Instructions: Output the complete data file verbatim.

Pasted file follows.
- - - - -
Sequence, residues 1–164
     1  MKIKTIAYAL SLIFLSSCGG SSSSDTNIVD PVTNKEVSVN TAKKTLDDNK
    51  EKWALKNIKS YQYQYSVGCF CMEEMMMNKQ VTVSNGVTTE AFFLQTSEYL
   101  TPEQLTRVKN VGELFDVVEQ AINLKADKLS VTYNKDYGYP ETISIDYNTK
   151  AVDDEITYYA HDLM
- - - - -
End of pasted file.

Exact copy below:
Sequence, residues 1–164
     1  MKIKTIAYAL SLIFLSSCGG SSSSDTNIVD PVTNKEVSVN TAKKTLDDNK
    51  EKWALKNIKS YQYQYSVGCF CMEEMMMNKQ VTVSNGVTTE AFFLQTSEYL
   101  TPEQLTRVKN VGELFDVVEQ AINLKADKLS VTYNKDYGYP ETISIDYNTK
   151  AVDDEITYYA HDLM